Health and Medical News and Resources

General interest items edited by Janice Flahiff

Recently Released by Consumers International: “Access to Knowledge for Consumers”

Many health news items posted here are derived from copyrighted material, including articles from biomedical journals.
Of course, many biomedical journals provide (as the New England Journal of Medicine) provide portions of their journals free of charge online.  Quite a few biomedical journals allow free access to articles older than a specified time (as 6 month, 1 year, 2 years).

Here is a related item from Resource Shelf

Recently Released by Consumers International: “Access to Knowledge for Consumers”

October 15, 2010 00:07

From an Open Society Initiatives Announcement:

Information Program grantee [from the Open Society Initiatives]Consumers International has released the results of a global survey designed to expose the obstacles consumers face in gaining access to education and cultural materials. The survey was conducted in 13 languages, covering 15,000 consumers across 24 countries.

The survey found that “The biggest barriers that consumers face in accessing copyright works are those created by copyright law. Even so, consumers around the world will choose original copyright works over pirated copies, provided that they are available at an affordable price.”
[Editor Flahiff’s emphasis]

While borrowing from libraries and other cultural institutions provided a viable alternative for some consumers priced out of original copyrighted works, the survey found that, particularly in developing countries, “access to libraries is limited and the works they carry are few.” [Editor Flahiff’s note…She saw this first hand during a short Peace Corps service project trip to Liberia, West Africa in May 2009 ]Although the authors of the survey saw “copyleft” initiatives like Open Educational Resources and Free and Open Source Software as great ways to help consumers vault access barriers, they concluded that governments needed to act “to address consumers’ needs for lower cost original materials to buy, borrow and access online.”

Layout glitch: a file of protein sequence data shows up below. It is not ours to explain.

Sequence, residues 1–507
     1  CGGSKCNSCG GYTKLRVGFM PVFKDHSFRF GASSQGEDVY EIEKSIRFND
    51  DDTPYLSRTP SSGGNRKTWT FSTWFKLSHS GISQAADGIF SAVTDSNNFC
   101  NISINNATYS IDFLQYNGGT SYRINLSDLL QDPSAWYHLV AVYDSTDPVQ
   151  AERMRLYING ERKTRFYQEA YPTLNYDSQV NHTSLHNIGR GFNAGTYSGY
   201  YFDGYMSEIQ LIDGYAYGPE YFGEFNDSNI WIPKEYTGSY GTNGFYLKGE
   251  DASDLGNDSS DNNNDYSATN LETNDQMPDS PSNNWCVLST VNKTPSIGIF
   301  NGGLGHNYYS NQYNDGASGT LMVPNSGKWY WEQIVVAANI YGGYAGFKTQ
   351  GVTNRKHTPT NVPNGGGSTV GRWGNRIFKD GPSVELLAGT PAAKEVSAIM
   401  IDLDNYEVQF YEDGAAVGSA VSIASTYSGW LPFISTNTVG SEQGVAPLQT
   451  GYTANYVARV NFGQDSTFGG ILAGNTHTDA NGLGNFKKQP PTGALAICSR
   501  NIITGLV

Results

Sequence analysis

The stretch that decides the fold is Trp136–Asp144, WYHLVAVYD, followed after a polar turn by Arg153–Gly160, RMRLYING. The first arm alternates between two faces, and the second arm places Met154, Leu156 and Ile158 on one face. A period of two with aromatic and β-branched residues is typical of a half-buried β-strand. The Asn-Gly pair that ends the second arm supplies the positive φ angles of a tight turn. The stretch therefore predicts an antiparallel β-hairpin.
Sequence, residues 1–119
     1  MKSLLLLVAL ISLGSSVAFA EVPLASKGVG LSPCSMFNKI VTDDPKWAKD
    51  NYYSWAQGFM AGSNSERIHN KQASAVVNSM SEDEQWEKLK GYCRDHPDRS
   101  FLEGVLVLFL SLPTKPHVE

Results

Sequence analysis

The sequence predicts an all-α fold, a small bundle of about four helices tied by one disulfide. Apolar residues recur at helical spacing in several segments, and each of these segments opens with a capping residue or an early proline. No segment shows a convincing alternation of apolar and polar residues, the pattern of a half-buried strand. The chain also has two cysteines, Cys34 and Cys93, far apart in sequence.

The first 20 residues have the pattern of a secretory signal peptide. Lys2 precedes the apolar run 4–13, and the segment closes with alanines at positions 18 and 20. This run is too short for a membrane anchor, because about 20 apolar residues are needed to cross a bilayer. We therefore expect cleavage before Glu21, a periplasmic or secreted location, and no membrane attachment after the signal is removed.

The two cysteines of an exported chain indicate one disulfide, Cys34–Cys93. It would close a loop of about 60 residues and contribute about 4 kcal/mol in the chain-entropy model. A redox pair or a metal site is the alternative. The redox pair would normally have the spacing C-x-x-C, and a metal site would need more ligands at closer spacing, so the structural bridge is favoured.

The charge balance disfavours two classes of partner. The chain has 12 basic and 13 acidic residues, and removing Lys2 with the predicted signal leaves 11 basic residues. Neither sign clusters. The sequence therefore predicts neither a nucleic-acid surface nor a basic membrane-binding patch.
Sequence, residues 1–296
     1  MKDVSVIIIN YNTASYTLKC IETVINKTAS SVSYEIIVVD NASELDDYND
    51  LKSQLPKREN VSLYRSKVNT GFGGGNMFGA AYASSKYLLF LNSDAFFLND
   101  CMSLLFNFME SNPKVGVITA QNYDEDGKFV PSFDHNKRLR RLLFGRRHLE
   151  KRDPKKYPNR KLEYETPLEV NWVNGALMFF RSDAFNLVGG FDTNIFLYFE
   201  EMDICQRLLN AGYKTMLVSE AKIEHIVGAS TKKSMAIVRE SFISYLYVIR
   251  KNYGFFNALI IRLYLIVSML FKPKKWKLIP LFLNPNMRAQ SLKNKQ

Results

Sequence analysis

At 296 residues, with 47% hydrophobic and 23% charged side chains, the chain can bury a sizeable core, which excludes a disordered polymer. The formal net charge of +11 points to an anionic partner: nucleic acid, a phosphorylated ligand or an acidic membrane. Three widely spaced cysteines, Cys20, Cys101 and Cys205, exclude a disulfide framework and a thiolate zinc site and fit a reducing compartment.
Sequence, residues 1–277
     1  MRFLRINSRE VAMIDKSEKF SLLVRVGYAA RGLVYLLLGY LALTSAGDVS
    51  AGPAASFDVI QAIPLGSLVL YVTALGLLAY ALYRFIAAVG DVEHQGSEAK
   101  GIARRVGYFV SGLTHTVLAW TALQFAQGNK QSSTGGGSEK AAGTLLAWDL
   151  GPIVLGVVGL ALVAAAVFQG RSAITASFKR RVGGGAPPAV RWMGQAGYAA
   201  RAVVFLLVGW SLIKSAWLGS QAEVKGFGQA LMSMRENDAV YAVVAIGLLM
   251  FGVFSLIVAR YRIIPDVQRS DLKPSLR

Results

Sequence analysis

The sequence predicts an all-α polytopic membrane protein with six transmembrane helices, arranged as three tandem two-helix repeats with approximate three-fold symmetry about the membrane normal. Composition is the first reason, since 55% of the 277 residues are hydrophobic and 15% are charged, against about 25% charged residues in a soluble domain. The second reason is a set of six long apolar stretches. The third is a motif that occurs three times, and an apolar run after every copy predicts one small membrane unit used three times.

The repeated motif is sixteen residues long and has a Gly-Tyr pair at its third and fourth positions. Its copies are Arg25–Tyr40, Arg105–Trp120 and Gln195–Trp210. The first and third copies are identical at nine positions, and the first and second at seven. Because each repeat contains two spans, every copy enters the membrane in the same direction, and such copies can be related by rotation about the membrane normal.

Direct to Full Text (336 Pages; PDF)

Full Text Also Available in Spanish and French

See Also: “Access to Knowledge – A Guide for Everyone” (2010)

The purpose of this book is to provide an accessible introduction to the A2K movement and the institutions, concepts and issues involved in it, for those who would like to become involved but don’t know where to start. In a truly collaborative exercise, information from various freely-licensed sources has been combined with text especially written for this book, and the whole has been made available for you to freely copy, share and modify.

October 15, 2010 Posted by | Biomedical Research Resources | 1 Comment

Skin Exposures and Effects in the Work Place

The US Centers for Disease Control and Prevention (CDC) has recently published a new Work Place Safety and Health Topic.

The Skin Exposures and Effects notes the following

It is estimated that more than 13 million workers in the United States are potentially exposed to chemicals that can be absorbed through the skin. Dermal exposure to hazardous agents can result in a variety of occupational diseases and disorders, including occupational skin diseases (OSD) and systemic toxicity. Historically, efforts to control workplace exposures to hazardous agents have focused on inhalation rather than skin exposures. As a result, assessment strategies and methods are well developed for evaluating inhalation exposures in the workplace; standardized methods are currently lacking for measuring and assessing skin exposures.